Zero hours contracts

From the Evening Standard:

It is also clear that such contracts can come with problems.

The Chartered Institute of Personnel and Development suggested yesterday that about a third of employees on these contracts would like more hours. Some 14 per cent felt the hours they were offered were often insufficient for them to achieve a basic standard of living. With the cost of living rising, this is a real concern that government should be looking to tackle.

I don't get these zero-hours contracts.

[The tax and welfare systems interact to generate a huge amount of unemployment, and not just obvious effect that taxes on output and employment reduce output employment, the absence of taxes on the rental value of land do it just as much.

Then add on all the employment regulations like holiday pay and redundancy and maternity rights, and you can understand why the less ethical employer who does not require a highly skilled workforce prefers to use occasional or agency workers who are never there long enough to accrue holiday pay etc.

This sort of paternalist stuff is best provided through the welfare system, i.e. a citizen's income - if maternity pay/rights is funded by all businesses equally, regardless of whether they employ younger women or not, then there is no disincentive to employing younger women etc. But let's put that to one side].

So I'm running a shop, let's call it Sports Direct, for sake of argument, it's open seven days a week, ten hours a day and I know that I need ten people in the shop at any one time (less during the week, more at weekends, go with me on this). That's 700 working hours for which I need people and for which I have to pay people.

I could employ 20 people working 35 hours a week each, or 35 people at 20 hours a week each, or some combination. And yes, some people will call in sick or won't be able to make their shift, so I'll have to ask people whether they can do a few extra hours, or I'll have to ring round and see if somebody is willing to come in on their day off etc. And then there are holiday rotas, leavers and joiners, it's all management faff for which I am being paid.

Not to mention that it is then a f-ing nightmare for people on benefits and Working Tax Credits having to re-submit their claims every month depending on how many hours they were paid for.

Why is it better for me, as the manager of that shop, to have fifty people on zero-hours contracts whom I ring up at random when they are least expecting it and when it might be inconvenient? Why is it not better to have a smaller workforce with their own pre-agreed shifts - the mums work short hours during school time; the students work at the weekend and during school holidays; the regulars are there full-time; some people are happy to work evenings for a bit of extra pay and so on?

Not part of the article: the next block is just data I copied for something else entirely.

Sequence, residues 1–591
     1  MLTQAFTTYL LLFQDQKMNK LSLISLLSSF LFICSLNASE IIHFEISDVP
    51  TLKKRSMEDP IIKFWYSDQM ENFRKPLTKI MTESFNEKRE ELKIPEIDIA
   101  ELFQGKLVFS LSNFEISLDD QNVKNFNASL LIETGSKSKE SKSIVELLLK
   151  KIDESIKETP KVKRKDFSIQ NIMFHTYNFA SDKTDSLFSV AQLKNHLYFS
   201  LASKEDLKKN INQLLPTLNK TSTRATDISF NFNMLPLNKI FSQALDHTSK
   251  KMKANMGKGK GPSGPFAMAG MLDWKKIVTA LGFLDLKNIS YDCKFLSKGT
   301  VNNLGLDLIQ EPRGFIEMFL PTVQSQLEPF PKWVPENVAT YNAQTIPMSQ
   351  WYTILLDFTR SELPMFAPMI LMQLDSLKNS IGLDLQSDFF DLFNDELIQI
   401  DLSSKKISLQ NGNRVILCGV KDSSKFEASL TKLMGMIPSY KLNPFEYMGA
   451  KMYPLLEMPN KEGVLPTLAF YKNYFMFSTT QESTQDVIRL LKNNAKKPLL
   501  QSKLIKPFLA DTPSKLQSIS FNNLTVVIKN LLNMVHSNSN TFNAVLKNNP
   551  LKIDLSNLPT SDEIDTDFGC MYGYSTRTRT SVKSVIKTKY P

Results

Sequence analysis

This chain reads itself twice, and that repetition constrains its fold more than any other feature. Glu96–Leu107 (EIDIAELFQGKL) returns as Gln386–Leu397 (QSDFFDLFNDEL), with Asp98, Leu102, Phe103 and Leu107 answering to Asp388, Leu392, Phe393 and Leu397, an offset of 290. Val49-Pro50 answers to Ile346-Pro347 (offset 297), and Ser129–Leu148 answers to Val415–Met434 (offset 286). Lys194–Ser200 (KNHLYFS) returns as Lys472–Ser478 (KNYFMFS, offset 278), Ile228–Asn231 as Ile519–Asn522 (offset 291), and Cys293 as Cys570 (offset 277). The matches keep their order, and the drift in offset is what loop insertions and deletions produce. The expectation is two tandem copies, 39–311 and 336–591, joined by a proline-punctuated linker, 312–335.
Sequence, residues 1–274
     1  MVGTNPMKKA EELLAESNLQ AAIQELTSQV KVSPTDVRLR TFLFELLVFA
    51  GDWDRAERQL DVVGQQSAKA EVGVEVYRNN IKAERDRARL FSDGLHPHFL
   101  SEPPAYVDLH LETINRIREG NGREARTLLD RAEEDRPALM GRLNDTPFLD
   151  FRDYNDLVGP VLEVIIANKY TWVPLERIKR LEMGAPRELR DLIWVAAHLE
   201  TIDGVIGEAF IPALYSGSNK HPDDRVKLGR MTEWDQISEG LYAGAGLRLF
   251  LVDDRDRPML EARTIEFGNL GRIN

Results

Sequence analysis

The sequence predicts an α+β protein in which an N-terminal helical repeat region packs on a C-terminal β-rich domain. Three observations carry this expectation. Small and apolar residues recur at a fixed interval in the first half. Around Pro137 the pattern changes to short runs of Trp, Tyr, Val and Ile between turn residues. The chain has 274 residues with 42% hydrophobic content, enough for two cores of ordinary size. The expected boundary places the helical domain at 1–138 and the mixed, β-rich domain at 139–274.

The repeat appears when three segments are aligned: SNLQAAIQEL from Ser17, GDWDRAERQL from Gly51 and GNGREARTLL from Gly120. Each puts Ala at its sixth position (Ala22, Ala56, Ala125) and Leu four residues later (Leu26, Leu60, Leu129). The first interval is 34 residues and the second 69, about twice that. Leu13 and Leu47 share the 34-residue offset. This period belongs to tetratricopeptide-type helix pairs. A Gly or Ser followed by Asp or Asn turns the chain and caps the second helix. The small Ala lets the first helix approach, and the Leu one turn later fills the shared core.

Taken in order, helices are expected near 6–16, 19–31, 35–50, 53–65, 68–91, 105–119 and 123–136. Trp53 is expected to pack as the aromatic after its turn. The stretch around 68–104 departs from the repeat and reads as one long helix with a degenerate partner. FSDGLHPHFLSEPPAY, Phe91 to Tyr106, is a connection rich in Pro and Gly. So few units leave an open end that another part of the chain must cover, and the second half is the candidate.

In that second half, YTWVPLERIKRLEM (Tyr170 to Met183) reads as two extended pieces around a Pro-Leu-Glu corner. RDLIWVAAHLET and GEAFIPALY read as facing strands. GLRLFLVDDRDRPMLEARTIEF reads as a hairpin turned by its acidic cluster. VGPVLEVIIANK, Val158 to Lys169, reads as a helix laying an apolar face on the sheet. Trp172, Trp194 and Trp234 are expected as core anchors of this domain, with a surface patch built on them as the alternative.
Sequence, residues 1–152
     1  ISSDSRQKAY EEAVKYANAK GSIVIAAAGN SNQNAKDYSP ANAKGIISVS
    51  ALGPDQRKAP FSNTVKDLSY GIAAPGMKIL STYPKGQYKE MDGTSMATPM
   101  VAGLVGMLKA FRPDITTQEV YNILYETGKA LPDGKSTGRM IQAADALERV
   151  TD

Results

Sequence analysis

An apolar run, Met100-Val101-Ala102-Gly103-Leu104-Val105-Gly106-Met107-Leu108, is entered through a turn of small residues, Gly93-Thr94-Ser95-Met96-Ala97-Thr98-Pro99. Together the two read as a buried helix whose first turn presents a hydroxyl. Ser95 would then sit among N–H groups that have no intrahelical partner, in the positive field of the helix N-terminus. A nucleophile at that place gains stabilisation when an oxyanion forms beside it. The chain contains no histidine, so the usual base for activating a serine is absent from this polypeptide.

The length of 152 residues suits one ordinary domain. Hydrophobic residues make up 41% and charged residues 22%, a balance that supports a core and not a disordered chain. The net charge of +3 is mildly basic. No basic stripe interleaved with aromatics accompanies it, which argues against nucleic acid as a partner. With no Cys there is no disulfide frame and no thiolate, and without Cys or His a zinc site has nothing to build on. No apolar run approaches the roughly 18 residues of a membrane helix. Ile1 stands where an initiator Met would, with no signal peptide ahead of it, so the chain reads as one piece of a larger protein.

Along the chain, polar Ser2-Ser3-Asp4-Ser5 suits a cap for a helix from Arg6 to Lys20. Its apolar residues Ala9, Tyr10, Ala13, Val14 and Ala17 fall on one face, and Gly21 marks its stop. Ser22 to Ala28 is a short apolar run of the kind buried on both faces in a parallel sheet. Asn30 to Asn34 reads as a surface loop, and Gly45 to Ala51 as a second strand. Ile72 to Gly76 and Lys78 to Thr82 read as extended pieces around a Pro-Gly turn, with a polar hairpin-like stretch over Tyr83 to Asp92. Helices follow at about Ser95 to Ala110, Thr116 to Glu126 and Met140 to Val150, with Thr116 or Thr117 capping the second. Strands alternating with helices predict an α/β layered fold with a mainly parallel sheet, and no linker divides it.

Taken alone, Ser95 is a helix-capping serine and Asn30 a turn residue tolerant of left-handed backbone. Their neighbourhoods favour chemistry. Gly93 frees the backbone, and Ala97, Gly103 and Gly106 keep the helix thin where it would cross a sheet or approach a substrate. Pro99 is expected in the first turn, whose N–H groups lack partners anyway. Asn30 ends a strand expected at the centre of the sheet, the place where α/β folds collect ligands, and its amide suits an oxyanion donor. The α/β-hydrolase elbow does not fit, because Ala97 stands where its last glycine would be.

Or is this the less ethical employers on one side with the government fudging the unemployment statistics on the other? Because if I have fifty people on zero-hours contracts, the government can technically count that as fifty people in work, but if I have thirty people on fixed shifts of twenty or thirty hours each, that's twenty more people the government has to admit have been put out of work?

The final insult is that then the government is slagging off all those fifty people for not working longer hours ("lazy, feckless" etc) instead of thinking more seriously about the tax and welfare systems generally. Or indeed slagging me off for not giving each of my fifty zero-hours people a full-time job (which I clearly cannot possibly do, or else I'd be paying thirty people just to stand around).

Monday, 5 August 2013

So what's the point of all this, George?

Daily Mail, 21 March 2012:

Families receiving child benefit were offered some relief today when George Osborne announced that the cut-off point will be £60,000. The Government had been previously wanted to scrap child benefit for anyone earning more than the £42,475 but the plans were met with criticism.

An increase in the threshold to £60,000 will lift significant numbers out of the child-benefit trap, but the anomaly of hitting one-earner families harder will remain as it is simply shifted higher up the income scale. Child benefit is currently worth £20.30 a week for the first child and £13.40 each for any more, regardless of the parents’ income.

The Institute for Fiscal Studies estimated that the move would have affected one in six parents – or a total of 1.2m families – and save the Government £1bn a year.

Daily Mail, 5 August 2013:

Families with incomes of up to £300,000 are to benefit from new tax breaks to help cut the cost of childcare.

Chancellor George Osborne visited a nursery today as he unveiled plans to cut bills by £1,200 per child. But he faced sharp criticism for using taxpayers’ money to help some of the wealthiest families in the country while snubbing stay-at-home mothers who will not benefit...

Critics said the policy was not 'sensible' and and 'inconsistent' with other polices to cut help for families where someone earns more than £50,000.

From 2015 families where both parents work will get help from a £1billion fund.

Friday, 2 August 2013

Friday meet-up

Same time, same place.

i.e. this evening (2 August) from about 5.20 pm onwards at The Brewmaster pub near Leicester Square Tube station.